History professor’s new book focuses on human-wild animal encounters in the colonization of America

History Professor Andrea Smalley’s new book reinterprets the nature of human-animal encounters in the colonization of America.

Andrea Smalley
Andrea Smalley’s new book Wild by Nature

Smalley will deliver a talk on the book—titled Wild by Nature: North American Animals Confront Colonization (Johns Hopkins University Press)—at a reception held from 2:30 to 4:30 p.m. on Friday, September 28 in the Thurgood Marshall Gallery of Swen Parson Hall.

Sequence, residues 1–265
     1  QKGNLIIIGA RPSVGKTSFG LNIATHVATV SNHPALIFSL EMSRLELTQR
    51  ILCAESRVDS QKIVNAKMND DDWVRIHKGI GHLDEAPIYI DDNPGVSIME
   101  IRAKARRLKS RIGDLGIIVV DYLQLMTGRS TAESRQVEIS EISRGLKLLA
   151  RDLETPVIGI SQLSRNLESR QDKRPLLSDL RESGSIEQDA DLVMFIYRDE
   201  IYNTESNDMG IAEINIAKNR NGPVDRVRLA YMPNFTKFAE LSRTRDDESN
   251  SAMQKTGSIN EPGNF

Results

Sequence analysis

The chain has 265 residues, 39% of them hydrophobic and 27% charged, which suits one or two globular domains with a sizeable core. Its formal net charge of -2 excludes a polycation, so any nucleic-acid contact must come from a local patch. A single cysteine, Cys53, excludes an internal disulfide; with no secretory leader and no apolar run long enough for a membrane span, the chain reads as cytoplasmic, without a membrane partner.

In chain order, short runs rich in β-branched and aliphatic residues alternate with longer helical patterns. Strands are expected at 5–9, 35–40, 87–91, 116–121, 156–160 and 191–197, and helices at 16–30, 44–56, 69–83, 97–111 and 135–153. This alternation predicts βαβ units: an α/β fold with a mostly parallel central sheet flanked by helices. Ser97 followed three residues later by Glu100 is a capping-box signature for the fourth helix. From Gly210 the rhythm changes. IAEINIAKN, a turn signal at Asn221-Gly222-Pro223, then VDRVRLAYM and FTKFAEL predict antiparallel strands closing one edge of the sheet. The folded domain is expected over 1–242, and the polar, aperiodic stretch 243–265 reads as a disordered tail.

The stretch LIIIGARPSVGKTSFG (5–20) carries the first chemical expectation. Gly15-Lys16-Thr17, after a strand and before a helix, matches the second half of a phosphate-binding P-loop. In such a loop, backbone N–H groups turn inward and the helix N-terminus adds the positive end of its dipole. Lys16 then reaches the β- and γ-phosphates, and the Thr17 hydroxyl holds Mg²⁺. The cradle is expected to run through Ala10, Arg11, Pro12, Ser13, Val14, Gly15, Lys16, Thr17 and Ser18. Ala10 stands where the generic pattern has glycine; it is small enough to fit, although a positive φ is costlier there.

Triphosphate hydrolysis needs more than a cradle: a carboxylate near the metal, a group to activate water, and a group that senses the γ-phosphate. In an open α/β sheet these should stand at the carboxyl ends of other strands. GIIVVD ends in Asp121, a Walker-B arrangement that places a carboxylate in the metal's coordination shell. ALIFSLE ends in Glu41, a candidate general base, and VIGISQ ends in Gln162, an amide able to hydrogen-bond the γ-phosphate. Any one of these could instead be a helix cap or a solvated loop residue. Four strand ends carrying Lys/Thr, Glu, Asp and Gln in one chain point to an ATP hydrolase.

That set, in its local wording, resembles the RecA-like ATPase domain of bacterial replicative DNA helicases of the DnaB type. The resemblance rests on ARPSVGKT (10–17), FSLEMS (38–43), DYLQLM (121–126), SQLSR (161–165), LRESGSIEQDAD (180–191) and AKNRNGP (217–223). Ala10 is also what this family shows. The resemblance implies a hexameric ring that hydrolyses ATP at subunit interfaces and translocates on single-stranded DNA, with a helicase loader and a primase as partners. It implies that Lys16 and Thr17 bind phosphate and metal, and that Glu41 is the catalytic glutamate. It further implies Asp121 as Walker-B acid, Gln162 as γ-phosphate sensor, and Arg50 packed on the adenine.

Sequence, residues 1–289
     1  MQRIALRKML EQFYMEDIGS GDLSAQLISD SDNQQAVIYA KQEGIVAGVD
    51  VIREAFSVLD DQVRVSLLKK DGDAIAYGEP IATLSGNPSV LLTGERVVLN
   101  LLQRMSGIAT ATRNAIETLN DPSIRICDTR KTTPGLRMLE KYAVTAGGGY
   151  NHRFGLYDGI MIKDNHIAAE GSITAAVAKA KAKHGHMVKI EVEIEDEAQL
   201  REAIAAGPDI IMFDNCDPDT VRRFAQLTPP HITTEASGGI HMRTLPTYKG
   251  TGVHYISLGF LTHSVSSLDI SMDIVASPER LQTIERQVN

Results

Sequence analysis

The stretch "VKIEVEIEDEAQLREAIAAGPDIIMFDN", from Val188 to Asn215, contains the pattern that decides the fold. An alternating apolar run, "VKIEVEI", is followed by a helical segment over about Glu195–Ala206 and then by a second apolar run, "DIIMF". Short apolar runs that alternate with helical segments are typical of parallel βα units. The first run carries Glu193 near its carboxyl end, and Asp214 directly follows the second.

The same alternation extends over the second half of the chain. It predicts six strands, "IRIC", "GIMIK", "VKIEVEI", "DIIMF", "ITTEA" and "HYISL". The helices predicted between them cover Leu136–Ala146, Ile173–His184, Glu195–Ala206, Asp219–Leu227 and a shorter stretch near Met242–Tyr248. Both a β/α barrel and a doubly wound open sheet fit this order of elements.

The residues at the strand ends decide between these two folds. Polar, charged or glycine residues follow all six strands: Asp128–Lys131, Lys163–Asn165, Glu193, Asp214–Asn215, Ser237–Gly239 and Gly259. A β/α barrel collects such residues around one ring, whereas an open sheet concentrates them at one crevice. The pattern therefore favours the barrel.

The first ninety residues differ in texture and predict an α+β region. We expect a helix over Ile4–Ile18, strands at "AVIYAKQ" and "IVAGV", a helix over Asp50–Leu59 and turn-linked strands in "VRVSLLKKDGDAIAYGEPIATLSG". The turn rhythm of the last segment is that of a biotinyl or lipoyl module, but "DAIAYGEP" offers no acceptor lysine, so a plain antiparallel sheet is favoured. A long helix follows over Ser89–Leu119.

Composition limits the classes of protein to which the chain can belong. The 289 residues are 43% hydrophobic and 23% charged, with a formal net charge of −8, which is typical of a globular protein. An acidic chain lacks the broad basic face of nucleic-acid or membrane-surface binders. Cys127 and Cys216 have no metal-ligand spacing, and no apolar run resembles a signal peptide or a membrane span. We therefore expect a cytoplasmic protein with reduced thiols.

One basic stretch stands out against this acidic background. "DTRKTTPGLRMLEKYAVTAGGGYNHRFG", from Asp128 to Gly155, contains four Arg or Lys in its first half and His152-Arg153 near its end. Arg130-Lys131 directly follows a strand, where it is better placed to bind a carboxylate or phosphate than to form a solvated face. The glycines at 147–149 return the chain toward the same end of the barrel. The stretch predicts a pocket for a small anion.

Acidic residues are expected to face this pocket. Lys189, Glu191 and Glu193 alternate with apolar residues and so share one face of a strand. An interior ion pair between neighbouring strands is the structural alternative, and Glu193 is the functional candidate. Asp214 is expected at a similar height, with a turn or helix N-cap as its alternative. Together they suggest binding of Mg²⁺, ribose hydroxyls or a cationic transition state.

Following a trail of human–animal encounters from seventeenth-century Virginia and Maryland to the Civil War–era southern plains, Smalley shows how wild beasts and their human pursuers resisted colonial sovereignty and control, with animals themselves becoming legal actors in the colonial story, altering its outcome in unanticipated ways. They became the subjects of statutes, issues in court cases, and parties to treaties in a centuries-long colonizing process that was reenacted on successive wild-animal frontiers. Offering fresh perspectives on colonial, legal, environmental, and Native American history, Wild by Nature reenvisions the familiar stories of early America as animal tales.

 

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